After burning through his first six-pack of the night, The Narrator decides it’s time to take back some semblance of control in his life. The next morning, he breaks into his ex-wife’s house and steals the taxidermied badger he’d given to her as a token of their marriage.
With the badger back in his control, The Narrator returns to The Lucky Clover, his old haunt in the town of Paradise, a reservation bordertown in western South Dakota. Soon he finds himself entrenched in the town and with a wild and rough group of individuals, most prominently Nanny, a six-foot redhead and amateur Madam with a fascination with all things illicit.
One night, The Narrator discovers and takes a sizable amount of cocaine, and is marked for death by Ray Kennedy, a man haunted by his own racial background. Broke, and with no other options, The Narrator turns to crime to repay his debt, devising a scheme that involves the betrayal of his new girlfriend, Laura.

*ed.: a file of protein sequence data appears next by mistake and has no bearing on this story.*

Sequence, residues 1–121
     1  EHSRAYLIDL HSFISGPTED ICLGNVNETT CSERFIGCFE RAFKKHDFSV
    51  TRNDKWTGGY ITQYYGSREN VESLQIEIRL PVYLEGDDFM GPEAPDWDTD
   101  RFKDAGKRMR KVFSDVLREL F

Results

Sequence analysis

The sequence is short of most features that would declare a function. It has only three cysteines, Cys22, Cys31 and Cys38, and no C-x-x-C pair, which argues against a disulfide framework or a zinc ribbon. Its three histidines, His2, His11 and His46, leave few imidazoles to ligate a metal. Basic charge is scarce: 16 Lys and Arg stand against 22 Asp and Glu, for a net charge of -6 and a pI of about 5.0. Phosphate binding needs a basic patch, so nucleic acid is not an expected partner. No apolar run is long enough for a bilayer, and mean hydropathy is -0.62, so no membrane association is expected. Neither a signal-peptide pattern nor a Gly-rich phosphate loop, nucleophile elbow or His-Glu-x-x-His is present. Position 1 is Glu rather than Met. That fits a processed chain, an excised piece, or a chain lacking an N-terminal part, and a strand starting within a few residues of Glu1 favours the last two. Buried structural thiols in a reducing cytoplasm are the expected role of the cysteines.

Desperate, The Narrator undertakes his plan, only to find his misstep had been counted on by those closest to. He soon finds violence is the only language spoken in this sparse and hard country he calls home, and his one action has set off a chain of tragedy that cannot be reversed.
With an unforgettable cast of characters surviving in a world where debts are never truly paid off, The Lucky Clover achieves a stark and realistic look at life along the reservation border. With insight and grace, Nick Heeb composes a life-like mural of people who struggle daily against a fate lesser people would simply resign themselves to.
Praise for THE LUCKY CLOVER:
“Some of us, by simple grace, sit on the merry-go-round enjoying the ride while others struggle just to stay on. The damned thing’s going too fast, their legs keep getting away from them, everything they have slides over the edge and is gone. These are the folks Nick Heeb writes about. Don’t try to make writing like this safe by saying it’s gritty or transgressive or classic noir. Those are words, and this is real.” —James Sallis, author of Drive and the Lew Griffin cycle